If shooting over a chrono from the prone position off a bipod or similar, beware of the muzzle sinking as recoil causes the front of the rifle to drop. I “killed” my first chronograph shooting off a gravel covered firing point where I’d not given enough clearance to start with and an inch or two drop in the muzzle caused a bullet to clip the housing. — Laurie Holland

Permalink Optics, Tech Tip 5 Comments »
November 16th, 2013

New Caldwell Chronograph Displays Shot Data on iPhone or iPad

Android OS ChronographCaldwell will be introducing a new chronograph in early 2014. By outward appearance, this is a fairly conventional unit, with optical (light-tripped) sensors and “V”-profile sky-screens with plastic diffusers supported by rods. However, the big news is the data output. The new Caldwell Ballistic Precision Chronograph can display shot data and string averages on iOS devices such as the iPhone and iPad. A software App allows you to save the data on your iPhone, and you can even export the data via email. That’s handy if you want to archive your test results in a spreadsheet.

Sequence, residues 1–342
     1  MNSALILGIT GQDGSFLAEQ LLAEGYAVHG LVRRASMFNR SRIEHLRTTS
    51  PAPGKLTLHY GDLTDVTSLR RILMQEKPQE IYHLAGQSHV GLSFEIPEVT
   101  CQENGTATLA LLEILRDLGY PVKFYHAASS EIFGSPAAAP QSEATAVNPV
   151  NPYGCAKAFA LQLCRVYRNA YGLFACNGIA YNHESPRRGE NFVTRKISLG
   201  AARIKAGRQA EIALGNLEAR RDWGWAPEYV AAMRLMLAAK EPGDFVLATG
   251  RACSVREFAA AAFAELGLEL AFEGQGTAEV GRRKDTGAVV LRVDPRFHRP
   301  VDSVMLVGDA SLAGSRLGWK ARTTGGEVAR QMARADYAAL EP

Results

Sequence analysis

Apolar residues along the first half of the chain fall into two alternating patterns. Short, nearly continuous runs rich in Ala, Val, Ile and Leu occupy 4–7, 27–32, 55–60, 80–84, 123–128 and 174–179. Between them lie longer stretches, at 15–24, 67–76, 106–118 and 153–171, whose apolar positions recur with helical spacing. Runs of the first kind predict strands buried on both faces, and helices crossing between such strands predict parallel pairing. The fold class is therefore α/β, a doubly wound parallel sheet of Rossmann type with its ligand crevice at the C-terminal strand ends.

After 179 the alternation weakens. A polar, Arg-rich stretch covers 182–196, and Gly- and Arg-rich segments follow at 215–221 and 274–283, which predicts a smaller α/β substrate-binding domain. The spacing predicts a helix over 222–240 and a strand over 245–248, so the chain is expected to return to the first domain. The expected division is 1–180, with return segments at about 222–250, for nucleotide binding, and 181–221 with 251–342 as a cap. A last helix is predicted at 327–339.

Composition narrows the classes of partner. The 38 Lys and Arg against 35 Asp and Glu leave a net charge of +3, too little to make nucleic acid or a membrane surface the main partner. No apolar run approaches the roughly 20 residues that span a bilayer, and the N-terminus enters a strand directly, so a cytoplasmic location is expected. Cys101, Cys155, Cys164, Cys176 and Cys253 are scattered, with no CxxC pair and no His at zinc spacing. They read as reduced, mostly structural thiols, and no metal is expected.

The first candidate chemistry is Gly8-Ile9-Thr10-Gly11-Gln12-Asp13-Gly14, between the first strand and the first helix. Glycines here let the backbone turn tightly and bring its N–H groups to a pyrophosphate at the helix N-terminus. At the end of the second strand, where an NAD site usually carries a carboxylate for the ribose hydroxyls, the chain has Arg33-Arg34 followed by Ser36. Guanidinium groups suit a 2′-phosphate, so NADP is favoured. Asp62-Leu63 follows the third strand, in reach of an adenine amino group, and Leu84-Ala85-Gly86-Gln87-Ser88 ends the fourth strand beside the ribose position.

Along with the iPhone/iPad display, Caldwell’s new chronograph features a front-facing display screen on the green, barbell-shaped chrono body. As with most other chronographs, the Caldwell unit records velocity of each shot, average velocity (of shot string), Standard Deviation, and Extreme Spread (difference in FPS of fastest shot and slowest shot). One nice feature of Caldwell’s new chronograph is that it can be calibrated. That sounds promising, but remember that to calibrate any chronograph you need test ammo with a very accurately determined baseline velocity. In any case, Caldwell asserts that this new Chronograph is more accurate than some other units on the market, because it runs a faster processor and because it has the calibration option. We haven’t tested the unit yet so we can’t verify claims of improved accuracy.